Ryan Napper ’13

Screen Shot 2015-08-16 at 11.22.19 PMRyan Napper’s journey into Global Health was unplanned when he arrived at Allegheny College. And, little did he know at the time, he would play a big role in developing this new major over the course of his undergraduate experience.

Ryan always knew that he would wind up in healthcare. He saw himself majoring in biology and heading to medical school after graduation. He decided upon Allegheny for its strong science programs and liberal arts teaching methods.

During his sophomore year, he discovered that a committee of faculty members was working to propose Global Health Studies as a new major. As he learned more about global health as a discipline, he was inspired to expand his academic path to include a self-designed, second major in Global Health and Development.

“I was always interested in microbiology, bacteria, and viruses. As I started to take global health courses, I began learning about those organisms in context,” he said. “This challenged me to not think strictly in one discipline, but to consider the social science, environmental impacts, and other factors that shape a disease and its end results.”

As he progressed through the program, his experiences were applied to the curricular planning for the new major, which made its debut among Allegheny’s academic offerings in Fall 2013.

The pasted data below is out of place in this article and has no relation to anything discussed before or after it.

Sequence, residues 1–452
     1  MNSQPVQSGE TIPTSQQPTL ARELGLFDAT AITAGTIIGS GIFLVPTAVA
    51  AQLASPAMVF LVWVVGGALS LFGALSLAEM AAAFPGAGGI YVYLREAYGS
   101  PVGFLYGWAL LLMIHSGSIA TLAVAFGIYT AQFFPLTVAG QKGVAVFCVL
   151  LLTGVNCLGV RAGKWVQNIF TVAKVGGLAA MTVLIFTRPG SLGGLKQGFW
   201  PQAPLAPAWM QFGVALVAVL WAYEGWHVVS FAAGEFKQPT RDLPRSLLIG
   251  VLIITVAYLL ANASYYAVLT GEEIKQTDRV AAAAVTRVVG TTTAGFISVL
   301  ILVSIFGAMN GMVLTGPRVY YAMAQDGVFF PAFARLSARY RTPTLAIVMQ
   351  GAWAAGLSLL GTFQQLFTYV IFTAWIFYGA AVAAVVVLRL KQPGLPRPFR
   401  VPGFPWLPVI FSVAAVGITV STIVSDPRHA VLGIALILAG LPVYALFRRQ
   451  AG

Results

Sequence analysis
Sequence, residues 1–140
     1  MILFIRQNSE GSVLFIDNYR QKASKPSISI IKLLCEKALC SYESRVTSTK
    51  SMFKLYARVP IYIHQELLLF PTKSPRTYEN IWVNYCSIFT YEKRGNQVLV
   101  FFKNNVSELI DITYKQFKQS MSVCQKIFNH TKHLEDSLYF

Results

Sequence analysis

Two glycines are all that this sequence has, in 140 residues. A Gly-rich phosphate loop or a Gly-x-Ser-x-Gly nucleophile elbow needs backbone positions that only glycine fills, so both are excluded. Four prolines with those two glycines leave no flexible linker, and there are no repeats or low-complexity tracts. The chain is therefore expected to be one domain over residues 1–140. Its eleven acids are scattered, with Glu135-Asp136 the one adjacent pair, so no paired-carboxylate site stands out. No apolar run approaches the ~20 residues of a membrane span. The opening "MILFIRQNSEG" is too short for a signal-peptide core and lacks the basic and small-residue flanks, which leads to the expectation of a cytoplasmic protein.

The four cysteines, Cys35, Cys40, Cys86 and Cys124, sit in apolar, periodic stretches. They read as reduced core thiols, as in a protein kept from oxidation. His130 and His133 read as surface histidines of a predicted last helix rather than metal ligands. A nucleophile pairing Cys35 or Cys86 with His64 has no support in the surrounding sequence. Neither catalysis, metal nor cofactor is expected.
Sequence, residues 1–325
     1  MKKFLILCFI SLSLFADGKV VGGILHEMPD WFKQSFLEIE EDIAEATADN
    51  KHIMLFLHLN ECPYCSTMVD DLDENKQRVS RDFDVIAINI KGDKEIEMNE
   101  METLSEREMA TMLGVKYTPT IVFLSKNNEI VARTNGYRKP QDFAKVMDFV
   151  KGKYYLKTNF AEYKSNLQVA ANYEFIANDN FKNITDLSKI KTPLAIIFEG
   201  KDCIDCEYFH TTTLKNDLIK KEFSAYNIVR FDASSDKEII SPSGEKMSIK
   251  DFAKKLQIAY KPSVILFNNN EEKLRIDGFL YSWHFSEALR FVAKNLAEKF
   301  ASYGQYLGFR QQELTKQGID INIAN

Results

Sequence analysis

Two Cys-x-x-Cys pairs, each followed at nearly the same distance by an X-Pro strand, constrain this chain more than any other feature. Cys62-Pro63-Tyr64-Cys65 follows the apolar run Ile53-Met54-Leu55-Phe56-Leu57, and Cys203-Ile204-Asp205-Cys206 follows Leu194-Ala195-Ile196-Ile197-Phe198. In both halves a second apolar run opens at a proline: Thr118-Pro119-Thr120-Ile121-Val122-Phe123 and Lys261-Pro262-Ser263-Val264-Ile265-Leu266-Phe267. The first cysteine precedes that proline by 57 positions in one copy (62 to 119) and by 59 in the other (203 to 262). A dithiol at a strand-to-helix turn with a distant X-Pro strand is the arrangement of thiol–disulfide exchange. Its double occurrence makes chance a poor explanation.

Ryan combined his interests in biology and global health to develop his Senior Comp, which he presented at the Johns Hopkins Undergraduate Public Health Symposium.

“During my sophomore year, I was involved with an ongoing series of projects looking at H. ducreyi, the causative agent of chancroid. These projects were looking to use a plant compound as a low-cost treatment for this bacterial infection, which would be especially effective in its reservoir, specifically female sex workers in Kenya. I started looking into it, first biologically. As my global health experience grew, I was challenged to think about this infection beyond the basic science. I began to wonder about the social structures, the reasons behind the infection affecting Kenyan sex workers so disproportionately. My results started to surprise me. I cared less about the bacteria and more about this vulnerable population. Bacteria move in microns, but people move in miles. The bacteria weren’t traveling to sex worker populations with intent, so we shouldn’t necessarily treat it as such. The greatest impact in improving treatment for the infection would come from de-stigmatizing these populations and changing how society views them.”

During his time at Allegheny, he put his growing knowledge of global health issues into practice as a community health coach and founder of a patient-focused non-profit organization, called “I Bear Gifts,” that works in conjunction with the Meadville Medical Center.

“My Allegheny experience ended up being about challenging my thought process. Education is often about facts. At Allegheny, I learned that real life doesn’t delineate things so neatly. I can cite an experience with health coaching as the epitome of this process. I was working with a patient on the road to recovery. I thought that there was a clear path to normalcy and that we were making good progress. Unfortunately, during the recovery period, the patient was diagnosed with a new illness. We were thrown into unfamiliar territory where the road was hazy and answers were conditional. This experience instilled in me that I cannot stop questioning the way things are because not doing so would leave me unprepared to understand the winding path that life actually is.”

Ryan begins his Masters of Public Health with a certificate in Global Health at Columbia University this fall.